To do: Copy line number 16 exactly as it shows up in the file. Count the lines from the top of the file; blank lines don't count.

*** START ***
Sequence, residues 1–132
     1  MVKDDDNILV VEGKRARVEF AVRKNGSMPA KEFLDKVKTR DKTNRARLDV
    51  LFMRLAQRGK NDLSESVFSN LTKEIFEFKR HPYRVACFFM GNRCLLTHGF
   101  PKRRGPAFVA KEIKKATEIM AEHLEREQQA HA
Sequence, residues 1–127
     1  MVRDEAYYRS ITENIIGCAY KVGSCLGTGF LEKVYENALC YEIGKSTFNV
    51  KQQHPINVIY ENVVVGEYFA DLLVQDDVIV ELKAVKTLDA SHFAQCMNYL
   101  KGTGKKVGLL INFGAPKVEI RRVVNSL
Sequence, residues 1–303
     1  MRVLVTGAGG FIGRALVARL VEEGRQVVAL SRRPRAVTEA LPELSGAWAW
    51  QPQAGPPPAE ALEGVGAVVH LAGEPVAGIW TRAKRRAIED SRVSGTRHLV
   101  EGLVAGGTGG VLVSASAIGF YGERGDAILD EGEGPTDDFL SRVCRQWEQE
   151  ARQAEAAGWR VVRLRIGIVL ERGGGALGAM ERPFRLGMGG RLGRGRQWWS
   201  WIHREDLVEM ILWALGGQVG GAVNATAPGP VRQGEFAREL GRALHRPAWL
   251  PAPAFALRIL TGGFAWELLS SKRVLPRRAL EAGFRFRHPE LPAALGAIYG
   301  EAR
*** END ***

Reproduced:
   301  EAR